Reinventing Place with Angels Above
In the Lucanian Dolomite mountains of Italy’s Basilicata province, two hill towns show the magical potential of place, connectivity and human innovation in unparalleled fashion.
There, where, in the Middle Ages, rocky outcrops were lookout posts, some see an extreme sport in the Volo dell’Angelo zip wire which spans a narrow, deep ravine. I see a place reinvented like none other, worthy of the translation: Angel Flight.
My premise has been that in the face of remarkable challenges of setting, residents still mastered local terrain and natural systems to create local lifestyles that worked well for hundreds—if not thousands—of years.
Castelmezzano, and neighboring Pietrapertosa, are no exception, full of demonstrable cooperation with their defensive mountain settings, presumed megalithic origins and unique local traditions.
As translated from the lofty Angel Flight website description:
Visiting Pietrapertosa you have the feeling that everything is adjusted depending on the rock, such as the many stairs. These are examples of the symbiosis between the village, its inhabitants and the rock, the live demonstration of its territory, which cannot deny the massive presence of almost unbridled nature, but must make it part of the urban structure.
Pietrapertosa takes its name from “Petraperciata”, meaning “drilled” (in this case honoring the local perforated rock), and is the highest town in the Basilicata region, with its 1088 m above sea level, spread on the rocks of the Lucanian Dolomites, well protected from possible incursions from the valley. This character of a natural fortress and the possibility of dominating the valley of the Basento have favored the presence of man since time immemorial.
Today, as the world moves from tradition to reinvention, Angel Flight is an inspiration.
In 1990, Paul Duncan wrote of Castelmezzano that while most residents still lived off of the land, shepherds came to their flocks in Fiats, with radios to pass the day. Thirty years later, cell phone signals creep around the mountain features and isolation no longer exists.
How can the Castelmezzano and Pietrapertosa repurpose to new economies and simultaneously inspire adaptive reuse which is respectful of history and aesthetics?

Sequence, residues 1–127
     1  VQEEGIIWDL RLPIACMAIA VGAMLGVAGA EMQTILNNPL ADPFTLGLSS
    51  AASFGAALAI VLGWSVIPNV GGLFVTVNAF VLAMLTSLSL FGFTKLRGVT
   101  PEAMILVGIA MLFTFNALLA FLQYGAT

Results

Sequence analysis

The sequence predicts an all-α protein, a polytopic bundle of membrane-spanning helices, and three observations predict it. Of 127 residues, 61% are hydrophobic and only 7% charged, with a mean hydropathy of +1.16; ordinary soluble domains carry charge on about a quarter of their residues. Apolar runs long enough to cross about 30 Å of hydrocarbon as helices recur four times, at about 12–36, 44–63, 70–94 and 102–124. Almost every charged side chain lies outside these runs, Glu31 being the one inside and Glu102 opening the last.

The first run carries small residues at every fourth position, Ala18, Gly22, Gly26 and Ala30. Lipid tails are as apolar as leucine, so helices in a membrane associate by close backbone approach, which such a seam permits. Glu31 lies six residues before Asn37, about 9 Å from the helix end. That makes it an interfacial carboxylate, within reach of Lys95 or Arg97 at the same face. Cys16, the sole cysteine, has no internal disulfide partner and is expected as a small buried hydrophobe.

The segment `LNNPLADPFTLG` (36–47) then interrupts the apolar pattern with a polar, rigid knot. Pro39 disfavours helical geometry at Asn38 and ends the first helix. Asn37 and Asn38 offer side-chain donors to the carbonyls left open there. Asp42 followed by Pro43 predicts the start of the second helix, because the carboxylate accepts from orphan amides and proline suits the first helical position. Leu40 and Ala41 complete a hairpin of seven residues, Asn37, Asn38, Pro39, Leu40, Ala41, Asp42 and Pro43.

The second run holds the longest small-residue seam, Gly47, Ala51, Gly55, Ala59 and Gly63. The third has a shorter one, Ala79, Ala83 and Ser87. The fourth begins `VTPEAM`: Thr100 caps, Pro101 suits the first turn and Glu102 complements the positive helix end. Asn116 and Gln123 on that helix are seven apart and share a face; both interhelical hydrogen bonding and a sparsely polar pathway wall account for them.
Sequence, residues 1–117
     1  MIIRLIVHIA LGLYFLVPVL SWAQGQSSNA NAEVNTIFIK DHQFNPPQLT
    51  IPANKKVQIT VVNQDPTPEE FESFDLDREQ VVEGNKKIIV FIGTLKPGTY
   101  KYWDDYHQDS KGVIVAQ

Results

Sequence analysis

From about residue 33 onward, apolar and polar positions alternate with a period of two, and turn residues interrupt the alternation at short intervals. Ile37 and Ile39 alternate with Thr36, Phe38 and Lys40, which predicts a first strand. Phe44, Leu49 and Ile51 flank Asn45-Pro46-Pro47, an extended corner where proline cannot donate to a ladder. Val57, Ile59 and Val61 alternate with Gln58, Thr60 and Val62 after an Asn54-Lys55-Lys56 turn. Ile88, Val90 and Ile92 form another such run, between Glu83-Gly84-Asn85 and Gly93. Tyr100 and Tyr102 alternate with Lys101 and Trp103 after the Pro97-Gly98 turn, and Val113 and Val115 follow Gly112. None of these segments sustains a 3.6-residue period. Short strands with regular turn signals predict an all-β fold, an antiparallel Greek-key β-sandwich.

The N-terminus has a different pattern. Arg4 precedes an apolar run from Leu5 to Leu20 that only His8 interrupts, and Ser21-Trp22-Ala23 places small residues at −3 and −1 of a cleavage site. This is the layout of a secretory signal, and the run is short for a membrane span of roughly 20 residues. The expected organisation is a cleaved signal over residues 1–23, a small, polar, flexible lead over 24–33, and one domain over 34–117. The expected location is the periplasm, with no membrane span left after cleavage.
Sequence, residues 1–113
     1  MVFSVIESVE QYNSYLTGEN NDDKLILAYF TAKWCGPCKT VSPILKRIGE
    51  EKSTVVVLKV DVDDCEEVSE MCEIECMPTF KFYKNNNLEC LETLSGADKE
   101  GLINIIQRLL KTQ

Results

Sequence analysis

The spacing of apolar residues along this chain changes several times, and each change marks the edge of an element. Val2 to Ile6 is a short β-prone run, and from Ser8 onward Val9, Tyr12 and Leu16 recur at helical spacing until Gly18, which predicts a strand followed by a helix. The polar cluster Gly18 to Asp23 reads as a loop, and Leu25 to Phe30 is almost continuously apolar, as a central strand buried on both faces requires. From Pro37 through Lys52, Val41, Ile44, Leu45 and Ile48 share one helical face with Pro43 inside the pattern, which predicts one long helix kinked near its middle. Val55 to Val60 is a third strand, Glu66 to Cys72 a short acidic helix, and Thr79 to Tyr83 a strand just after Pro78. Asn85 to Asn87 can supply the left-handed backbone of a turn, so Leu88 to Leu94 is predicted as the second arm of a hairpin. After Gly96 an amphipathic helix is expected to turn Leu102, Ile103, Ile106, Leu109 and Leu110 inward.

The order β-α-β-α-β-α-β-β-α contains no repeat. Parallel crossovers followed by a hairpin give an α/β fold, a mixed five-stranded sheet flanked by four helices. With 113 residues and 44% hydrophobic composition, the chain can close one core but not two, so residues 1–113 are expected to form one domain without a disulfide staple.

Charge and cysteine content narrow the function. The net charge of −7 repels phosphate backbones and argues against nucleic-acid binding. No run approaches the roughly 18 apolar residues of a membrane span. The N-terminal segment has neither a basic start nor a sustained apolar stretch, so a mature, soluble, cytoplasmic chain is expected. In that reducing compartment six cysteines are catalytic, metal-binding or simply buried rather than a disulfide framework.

The Angel Flight website provides a partial answer, marrying new human activity with the ongoing setting:
[A] new concept… allows use of creative environmental heritage answering a new need and a new understanding of leisure and recreation, tended increasingly to new experiences and to seek new emotions. An adventure in contact with nature and with a unique landscape, to discover the true soul of the territory.
I am not asserting that a zip wire will revitalize empty neighborhoods (hilly or otherwise), rescue overbuilt fringe suburbs or rural towns without purpose. But to achieve other progressive retrofits in the way we live, use our land and travel, we should take seriously the innovative quality of “zip wire thinking”.
An outlier? Perhaps. But it is placemaking at its finest, and an example that I, for one, will never forget.
In addition to my photographs, above, many people have captured images and videos of the zip wire, and further review of the Angel Flight website or a Google search nets many compelling results. Among my favorites is this video from David Kilpatrick of Kelso, Scotland, United Kingdom.
David admirably captures and documents context and experience in a “you are there” recording, embedded below.
All images composed by the author. Click on each image for more detail. Video by David Kilpatrick, as cited above.
Charles R. (Chuck) Wolfe, M.R.P., J.D. provides a unique perspective about cities as both a long-time writer about urbanism worldwide and as an attorney in Seattle, where he focuses on land use and environmental law. In particular, his work involves the use of sustainable development techniques and innovative land use regulatory tools on behalf of both the private and public sectors. He ...